by LUCY O’DONOGHUE
I am on the board of a charity in Pakistan called St Joseph’s Hospice. They
provide holistic long term rehabilitative care, free of charge, for severely disabled
people of all ages or even, in some cases, people who have been abandoned on the steps
of the hospice.
This is a unique institution in Pakistan, a country where those who are disabled are often considered useless and giving them proper care is considered a waste of resources. This is complete Mother Teresa territory.
Wherever possible, patients are rehabilitated into their families. This is always the ideal, but it’s often not possible. Every day they receive several requests for more to be admitted.
It is not a hospice as we know in New Zealand where people “come to die” — some residents have been there for decades!
The hospice also serves 100 or more people a day from the surrounding community through its outpatient department that includes lab and x-ray facilities.
They charge a nominal fee that is much more affordable than other nearby health centres. A consultation costs about 20c.
Just to give you an idea of some of those living at the hospice. One young woman,
Ayesha, was shot in the neck by a militant in northwest Pakistan and was paralysed from the neck down; the bullet is still in her neck.
Nisha is about 7 years old and has a spinal cord condition that leaves her in a wheelchair. She is eighth out of nine children to parents who are literally slaves.
She recently went home to visit her family and came back malnourished because her parents are even deeper into debt after two family weddings, so that they’re not even paid their meagre
income in cash, but in wheat.
Shamshad fell down a well trying to rescue a goat that had also fallen in, and the injury left her confined to a wheelchair — but she’s also trying to make a life for herself by studying computer science.
Martha is 33 years old and first came to the hospice as a teenager. She has never moved out of the children’s ward because she became like a mother to all the other children that have come
through since.
When they built a new room for the young boys of the children’s ward, the boys were too scared to sleep there without her.
Sahil is 8 years old and was admitted after continued cases of rickets. He used to
be unable to walk. Now he can sprint around the garden … and he recently came top
in his class at school. The hospice wants to send him back to his family, but if they
do he will not get to continue going to school so he is staying until he gets at least a
minimum education.
These are the kinds of stories — every one of them is heartwrenching.
We’ve got a great Facebook page, too, where people who are interested can see photos of the patients, staff and what’s going on at the hospice.
More than anything, this is a place of hope and love … which is so rare in this country. The family atmosphere is palpable and the example that the hospice provides of what it means to
care for each other with love, to serve truly the most vulnerable in our midst, to serve
each other no matter race or religion, is both a beacon of the light of Christ in Pakistan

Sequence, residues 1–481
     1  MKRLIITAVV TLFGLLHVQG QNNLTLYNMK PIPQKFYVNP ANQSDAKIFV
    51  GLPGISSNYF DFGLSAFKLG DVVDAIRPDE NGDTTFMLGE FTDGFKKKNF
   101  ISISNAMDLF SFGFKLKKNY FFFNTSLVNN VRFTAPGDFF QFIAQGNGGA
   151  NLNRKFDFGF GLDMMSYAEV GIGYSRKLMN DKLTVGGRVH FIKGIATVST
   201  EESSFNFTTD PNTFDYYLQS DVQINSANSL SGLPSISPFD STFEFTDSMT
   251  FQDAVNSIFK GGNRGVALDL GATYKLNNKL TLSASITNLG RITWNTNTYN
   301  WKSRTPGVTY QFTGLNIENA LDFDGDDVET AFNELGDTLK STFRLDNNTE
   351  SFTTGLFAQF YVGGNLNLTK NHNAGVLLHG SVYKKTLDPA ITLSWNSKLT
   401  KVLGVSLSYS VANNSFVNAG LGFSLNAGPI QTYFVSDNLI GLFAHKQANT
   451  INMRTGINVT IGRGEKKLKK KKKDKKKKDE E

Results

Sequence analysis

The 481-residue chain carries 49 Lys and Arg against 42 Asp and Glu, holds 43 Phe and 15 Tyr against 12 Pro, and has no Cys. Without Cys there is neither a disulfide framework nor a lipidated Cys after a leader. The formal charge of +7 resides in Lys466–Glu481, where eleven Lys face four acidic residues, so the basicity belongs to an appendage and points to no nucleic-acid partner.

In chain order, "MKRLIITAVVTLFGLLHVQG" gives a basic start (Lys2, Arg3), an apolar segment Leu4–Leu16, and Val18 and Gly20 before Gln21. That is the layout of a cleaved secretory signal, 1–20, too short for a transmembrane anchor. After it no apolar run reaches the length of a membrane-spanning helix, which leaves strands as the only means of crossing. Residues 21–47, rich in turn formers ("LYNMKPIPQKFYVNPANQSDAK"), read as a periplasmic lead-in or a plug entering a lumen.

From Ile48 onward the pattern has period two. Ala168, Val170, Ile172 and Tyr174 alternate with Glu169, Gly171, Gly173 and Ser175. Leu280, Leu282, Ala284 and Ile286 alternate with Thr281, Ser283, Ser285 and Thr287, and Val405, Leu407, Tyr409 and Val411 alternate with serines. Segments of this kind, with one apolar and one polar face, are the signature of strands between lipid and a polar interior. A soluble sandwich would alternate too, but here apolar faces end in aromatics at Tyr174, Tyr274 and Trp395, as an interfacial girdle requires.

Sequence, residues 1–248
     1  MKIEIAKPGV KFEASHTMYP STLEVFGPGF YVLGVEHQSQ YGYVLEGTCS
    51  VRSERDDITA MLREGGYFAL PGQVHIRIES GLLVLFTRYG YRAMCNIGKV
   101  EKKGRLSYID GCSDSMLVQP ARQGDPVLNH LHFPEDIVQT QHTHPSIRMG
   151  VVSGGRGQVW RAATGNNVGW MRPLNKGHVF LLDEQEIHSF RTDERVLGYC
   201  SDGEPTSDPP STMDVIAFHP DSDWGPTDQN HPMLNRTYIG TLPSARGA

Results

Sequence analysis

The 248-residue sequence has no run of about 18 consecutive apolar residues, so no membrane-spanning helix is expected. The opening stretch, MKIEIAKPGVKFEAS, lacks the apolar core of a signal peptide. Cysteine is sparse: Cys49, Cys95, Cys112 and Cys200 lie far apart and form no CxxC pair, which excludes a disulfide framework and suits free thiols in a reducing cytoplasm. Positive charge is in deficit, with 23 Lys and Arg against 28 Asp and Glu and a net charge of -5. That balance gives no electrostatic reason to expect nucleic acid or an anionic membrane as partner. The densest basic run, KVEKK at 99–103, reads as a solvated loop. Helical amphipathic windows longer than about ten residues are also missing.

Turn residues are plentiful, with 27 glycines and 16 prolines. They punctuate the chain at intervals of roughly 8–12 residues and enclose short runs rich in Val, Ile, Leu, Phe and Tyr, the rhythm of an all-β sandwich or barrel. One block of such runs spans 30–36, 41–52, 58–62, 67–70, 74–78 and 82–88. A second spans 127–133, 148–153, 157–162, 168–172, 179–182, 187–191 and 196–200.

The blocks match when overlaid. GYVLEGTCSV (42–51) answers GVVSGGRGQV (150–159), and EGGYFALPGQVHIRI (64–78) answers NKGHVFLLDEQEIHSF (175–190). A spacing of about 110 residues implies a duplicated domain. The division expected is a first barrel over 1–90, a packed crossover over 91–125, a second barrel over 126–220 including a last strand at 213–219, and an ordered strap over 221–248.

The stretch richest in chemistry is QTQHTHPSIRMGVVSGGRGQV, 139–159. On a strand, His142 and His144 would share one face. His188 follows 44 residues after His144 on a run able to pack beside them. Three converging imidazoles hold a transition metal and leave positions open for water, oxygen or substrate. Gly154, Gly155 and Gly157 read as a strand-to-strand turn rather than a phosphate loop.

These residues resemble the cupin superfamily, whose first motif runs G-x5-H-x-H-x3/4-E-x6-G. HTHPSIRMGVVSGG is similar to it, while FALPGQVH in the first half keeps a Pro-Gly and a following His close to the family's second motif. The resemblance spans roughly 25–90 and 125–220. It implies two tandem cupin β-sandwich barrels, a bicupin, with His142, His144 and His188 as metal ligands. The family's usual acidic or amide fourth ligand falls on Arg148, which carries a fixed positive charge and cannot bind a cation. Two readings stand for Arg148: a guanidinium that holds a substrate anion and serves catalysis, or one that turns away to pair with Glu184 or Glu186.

and to those who pass through the hospice from all over the world. The hospice epitomises Pope Francis’s missionary call.
Despite all this, the hospice is close to closing its doors after 50 years of serving
the most vulnerable — because the money is running out. Forty-five severely disabled residents would be homeless. Thousands of locals who go there for outpatient services would no longer be able to afford basic healthcare. Sixty staff would lose their jobs — that’s 60 families, some of which have been working at St Joseph’s for up to 25 years.
And, perhaps most importantly, St Joseph’s witness to God’s mercy, compassion and love, in a place so filled with violence and neglect, would come to an end.
I joined the board a few months ago and we’re working around the clock to find solutions. We have some promising changes and things in the pipeline. But we need to buy time. We need
an “angel” donation(s) to the value of tens of thousands of dollars — to allow us to make
these changes that will make the place more sustainable financially.
Before all else, and remembering that God’s ways are beyond ours, Bev McDonald (from Auckland), who is my spiritual director, pressed upon me the need to relinquish the fate of the hospice completely into God’s hands and storm the heavens.
I know the sisters who run the place already have a lot of prayer ongoing, of course, but it wouldn’t hurt to do even more.
Can you help with your network? Could we get Mass said every day somewhere? Novenas? Perpetual adoration? Secular Franciscans? Carmelites?
Of all the places I have seen in my work and travels, of all the poverty and assistance,
misery and hope, St Joseph’s is one of those rare places that heals everyone who it touches, not just physically, but spiritually. Not just patients, but all those who come in contact with this incredible community.

— Lucy O’Donoghue is a New Zealander who studied medicine in London and now lives in
Bangkok.Visit St Joseph’s website: www.stjosephshospice.com.pk

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